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Entries related to: prayer

Ask a Franciscan: Can We Sing the Our Father?

Q. Why can’t we sing the Our Father at Mass? When I asked our parish organist, the response was that our parish was told not to do this. A. There is no general prohibition about this. I have participated in several Masses in St. Peter’s Basilica or in its square when the Our Father was sung in Latin. I have also participated in Masses where it was sung in English or in other languages.
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A Symphony of Priestly Prayer

Theologians make an important distinction between what  they call “devotional” and “liturgical” prayer. Devotional prayer, they tell us, is private in nature and is meant to help sustain us personally on the spiritual journey.
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Midlife Meditations

Growing older seems effortless, I discover, as I suddenly realize that my birthday is only weeks away. I have done nothing to hurry the hands of the clock. I have had no say in how one day melts into the next, or how months melt into one year, and then another. 
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On a Wing and a Prayer

What you are about to read is scientifically inexplicable. Try as they may, no one can figure it out. The Eastern Migrating Monarch (Danaus Plexippus) is an anomaly in nature. As stated, it goes through several changes to reach the Imago stage of mature adulthood: egg to caterpillar to pupa to butterfly--each stage of development having the identical DNA as the one before.
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Be a Living Prayer

Unlike Saint Ignatius of Loyola’s concentrated, step-by-step instructions for prayer in his Spiritual Exercises, Saint Francis of Assisi’s guidance for those who wish to follow his example of prayer and devotion is more diffuse. It is true to think of Saint Francis’ writings as occasional and unsystematic. Nevertheless, taken as a whole, they offer constructive clues for what we might describe generally as Francis’ “instructions on prayer.”
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Prayer: The First Essential Practice of the Sacred Heart

There are a number of activities that bring devotion to the Sacred Heart alive in our hearts and lives. The Lord’s healing promises flow through our embrace of these aspects of the devotion. Love, of course, is at the center of all these actions—love for Jesus and a desire to have that love grow in our hearts as we receive more and more of his love for us.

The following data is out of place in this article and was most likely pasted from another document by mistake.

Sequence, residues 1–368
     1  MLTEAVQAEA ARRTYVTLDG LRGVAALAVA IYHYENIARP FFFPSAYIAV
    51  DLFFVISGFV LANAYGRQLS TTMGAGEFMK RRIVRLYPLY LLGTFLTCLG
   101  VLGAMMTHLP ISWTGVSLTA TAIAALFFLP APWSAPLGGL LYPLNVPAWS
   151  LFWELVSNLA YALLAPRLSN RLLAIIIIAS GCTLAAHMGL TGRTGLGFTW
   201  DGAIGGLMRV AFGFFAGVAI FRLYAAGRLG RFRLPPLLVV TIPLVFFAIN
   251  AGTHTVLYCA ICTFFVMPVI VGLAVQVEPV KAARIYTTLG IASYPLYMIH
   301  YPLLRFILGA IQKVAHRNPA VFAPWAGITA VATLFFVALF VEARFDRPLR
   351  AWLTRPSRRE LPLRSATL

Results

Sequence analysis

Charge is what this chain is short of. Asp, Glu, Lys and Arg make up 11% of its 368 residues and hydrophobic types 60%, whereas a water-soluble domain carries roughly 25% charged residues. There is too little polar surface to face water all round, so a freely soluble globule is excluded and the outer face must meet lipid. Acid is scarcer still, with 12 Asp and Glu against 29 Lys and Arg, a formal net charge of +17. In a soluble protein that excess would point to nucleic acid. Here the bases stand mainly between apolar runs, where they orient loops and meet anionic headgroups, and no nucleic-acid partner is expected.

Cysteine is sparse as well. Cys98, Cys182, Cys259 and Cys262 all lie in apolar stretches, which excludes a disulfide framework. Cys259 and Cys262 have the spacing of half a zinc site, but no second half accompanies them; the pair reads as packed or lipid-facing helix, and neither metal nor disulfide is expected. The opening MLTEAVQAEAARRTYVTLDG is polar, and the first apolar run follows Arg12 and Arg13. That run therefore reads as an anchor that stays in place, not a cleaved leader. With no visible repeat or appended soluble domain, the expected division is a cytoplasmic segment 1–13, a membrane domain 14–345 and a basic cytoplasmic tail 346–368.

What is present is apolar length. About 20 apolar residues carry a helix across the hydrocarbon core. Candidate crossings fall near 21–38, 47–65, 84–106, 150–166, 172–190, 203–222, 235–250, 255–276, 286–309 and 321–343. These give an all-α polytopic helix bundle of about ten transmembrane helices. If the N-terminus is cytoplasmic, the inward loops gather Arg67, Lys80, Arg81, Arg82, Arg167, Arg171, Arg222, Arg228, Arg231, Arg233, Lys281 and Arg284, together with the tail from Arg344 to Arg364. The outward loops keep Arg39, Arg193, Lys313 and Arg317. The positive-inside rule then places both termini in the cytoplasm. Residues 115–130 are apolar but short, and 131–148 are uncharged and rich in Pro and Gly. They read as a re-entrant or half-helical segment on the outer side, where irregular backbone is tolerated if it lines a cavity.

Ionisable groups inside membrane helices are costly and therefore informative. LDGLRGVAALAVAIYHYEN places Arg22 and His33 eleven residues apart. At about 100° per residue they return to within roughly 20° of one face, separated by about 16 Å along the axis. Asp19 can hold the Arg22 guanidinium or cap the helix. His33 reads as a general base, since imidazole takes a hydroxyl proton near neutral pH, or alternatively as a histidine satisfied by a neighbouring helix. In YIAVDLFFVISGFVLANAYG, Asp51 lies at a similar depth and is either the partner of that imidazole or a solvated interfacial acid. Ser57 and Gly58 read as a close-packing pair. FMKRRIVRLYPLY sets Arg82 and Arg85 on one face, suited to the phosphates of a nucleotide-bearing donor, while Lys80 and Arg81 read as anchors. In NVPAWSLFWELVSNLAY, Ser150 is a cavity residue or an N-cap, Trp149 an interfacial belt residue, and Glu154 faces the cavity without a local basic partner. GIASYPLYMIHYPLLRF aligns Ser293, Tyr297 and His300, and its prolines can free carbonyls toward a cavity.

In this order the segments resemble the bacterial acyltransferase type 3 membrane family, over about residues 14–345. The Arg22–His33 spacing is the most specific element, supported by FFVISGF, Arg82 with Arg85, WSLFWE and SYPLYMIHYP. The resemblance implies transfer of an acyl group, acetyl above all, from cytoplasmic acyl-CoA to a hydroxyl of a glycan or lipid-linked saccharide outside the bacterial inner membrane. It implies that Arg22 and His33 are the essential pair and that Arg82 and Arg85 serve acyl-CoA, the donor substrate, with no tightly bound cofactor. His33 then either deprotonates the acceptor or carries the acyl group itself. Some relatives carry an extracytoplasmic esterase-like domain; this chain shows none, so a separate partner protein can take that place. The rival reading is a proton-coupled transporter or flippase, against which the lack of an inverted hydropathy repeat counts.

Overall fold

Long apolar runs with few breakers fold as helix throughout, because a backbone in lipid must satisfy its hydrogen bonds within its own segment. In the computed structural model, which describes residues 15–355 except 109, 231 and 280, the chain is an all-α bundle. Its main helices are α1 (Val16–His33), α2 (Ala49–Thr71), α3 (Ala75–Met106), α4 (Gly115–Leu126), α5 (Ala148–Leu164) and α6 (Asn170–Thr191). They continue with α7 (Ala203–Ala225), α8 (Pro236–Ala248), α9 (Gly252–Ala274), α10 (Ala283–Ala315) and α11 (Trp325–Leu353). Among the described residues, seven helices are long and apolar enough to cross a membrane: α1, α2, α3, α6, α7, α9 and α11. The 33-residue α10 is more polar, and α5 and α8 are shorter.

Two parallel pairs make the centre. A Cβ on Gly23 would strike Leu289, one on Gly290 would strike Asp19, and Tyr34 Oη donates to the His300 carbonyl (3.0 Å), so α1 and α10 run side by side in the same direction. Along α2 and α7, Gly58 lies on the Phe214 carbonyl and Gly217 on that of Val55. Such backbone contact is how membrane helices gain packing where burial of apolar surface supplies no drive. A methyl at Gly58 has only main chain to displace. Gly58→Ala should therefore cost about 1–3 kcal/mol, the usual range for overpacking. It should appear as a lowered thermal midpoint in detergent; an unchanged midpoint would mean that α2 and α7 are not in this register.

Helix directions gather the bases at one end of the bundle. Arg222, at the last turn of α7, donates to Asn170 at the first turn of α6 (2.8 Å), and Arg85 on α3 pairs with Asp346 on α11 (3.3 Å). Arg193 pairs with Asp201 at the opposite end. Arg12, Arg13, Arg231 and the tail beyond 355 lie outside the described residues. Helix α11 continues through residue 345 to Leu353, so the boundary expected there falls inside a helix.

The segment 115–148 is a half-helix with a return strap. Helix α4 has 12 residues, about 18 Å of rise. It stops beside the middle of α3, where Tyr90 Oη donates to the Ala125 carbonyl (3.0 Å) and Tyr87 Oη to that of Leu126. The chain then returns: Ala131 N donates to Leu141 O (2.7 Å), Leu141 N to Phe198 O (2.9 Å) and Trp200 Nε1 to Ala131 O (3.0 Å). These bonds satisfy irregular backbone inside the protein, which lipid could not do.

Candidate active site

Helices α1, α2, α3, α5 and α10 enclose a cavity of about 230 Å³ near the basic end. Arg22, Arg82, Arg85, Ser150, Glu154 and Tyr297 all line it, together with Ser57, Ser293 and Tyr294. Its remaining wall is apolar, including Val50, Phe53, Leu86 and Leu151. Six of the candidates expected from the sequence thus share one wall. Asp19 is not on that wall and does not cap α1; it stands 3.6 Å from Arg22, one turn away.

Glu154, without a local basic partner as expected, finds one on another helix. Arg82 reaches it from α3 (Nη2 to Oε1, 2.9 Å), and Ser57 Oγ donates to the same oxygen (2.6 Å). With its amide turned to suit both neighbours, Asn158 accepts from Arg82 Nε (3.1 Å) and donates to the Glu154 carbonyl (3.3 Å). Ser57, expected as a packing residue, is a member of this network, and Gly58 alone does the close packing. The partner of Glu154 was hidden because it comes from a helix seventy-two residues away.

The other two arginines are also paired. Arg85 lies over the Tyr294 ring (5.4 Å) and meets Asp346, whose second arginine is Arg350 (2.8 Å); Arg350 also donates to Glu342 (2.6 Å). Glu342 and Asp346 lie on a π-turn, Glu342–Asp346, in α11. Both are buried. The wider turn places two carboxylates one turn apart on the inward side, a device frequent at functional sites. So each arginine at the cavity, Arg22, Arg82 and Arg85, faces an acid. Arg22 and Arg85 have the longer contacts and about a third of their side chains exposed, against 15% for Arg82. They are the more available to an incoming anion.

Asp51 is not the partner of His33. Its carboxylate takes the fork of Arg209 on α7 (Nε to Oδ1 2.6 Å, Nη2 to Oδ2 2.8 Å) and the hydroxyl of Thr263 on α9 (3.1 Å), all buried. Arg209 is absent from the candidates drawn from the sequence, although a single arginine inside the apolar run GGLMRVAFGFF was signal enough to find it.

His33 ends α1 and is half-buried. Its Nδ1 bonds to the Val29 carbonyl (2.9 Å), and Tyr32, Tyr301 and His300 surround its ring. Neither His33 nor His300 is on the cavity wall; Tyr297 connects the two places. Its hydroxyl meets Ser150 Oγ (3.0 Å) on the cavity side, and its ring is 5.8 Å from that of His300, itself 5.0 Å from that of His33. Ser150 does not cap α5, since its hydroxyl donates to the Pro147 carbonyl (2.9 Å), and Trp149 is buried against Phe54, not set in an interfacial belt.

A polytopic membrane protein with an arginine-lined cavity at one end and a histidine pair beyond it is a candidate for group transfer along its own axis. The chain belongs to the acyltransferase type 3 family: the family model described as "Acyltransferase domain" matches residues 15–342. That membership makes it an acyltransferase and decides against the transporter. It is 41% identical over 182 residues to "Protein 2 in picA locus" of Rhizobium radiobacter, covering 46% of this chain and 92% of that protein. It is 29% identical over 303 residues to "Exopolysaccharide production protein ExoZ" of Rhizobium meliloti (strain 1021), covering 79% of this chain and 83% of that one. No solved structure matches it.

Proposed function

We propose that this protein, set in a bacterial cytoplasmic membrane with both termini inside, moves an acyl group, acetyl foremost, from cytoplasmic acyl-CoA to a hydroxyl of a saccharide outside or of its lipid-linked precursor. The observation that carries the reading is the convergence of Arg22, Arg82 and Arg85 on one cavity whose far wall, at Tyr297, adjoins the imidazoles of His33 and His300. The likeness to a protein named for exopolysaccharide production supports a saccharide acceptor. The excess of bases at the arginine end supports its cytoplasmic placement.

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Soaring with God

Can you recall a time when you looked at your life and thought, “There must be something more than this”? Have you ever longed to experience something more? Something better? Something greater? 
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The Power of Prayer Petitions

I regularly read the prayer petitions that come in on the monitor at St. Anthony Shrine where I live. In a two-week period, just before Christmas, I was captivated by several requests for prayers for little boys with cancer. 
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Leaning on Prayer in Difficult Times

The fog loomed so thick I could barely detect the street signs when I left for my weekly morning retreat of solitude and prayer by the Des Moines river. In spite of the blurred visibility, I kept on driving, confident the heavy mist would soon lift. It didn’t. By the time I arrived and parked my car facing the water, I could only see a white blanket of film in front of me. From past experience I knew the thick woods existed on the opposite bank and the attentive blue herons would be sitting on the branches waiting to snatch their breakfast. And so I sat there, enveloped in a world of indistinguishable reality, knowing I could do nothing to alter the landscape. I could only enter into it and wait silently for the obscure view to change.
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Anima Christi: A Mystical Prayer

  This prayer touches us on a profound level. The words are most sacred and, with the Spirit’s help, they can lead us into an immediate union with Christ. The Anima Christi (Soul of Christ) has been attributed to Saint Ignatius of Loyola (1491–1556), but historians say that it predates Ignatius by as much as a century-and-a-half. Also, a long tradition tells us that it was a favorite of his. In many cases, in fact, it served as the opening prayer of the Spiritual Exercises of Saint Ignatius. This sacred prayer is sublime and seems to transcend all time, all centuries.
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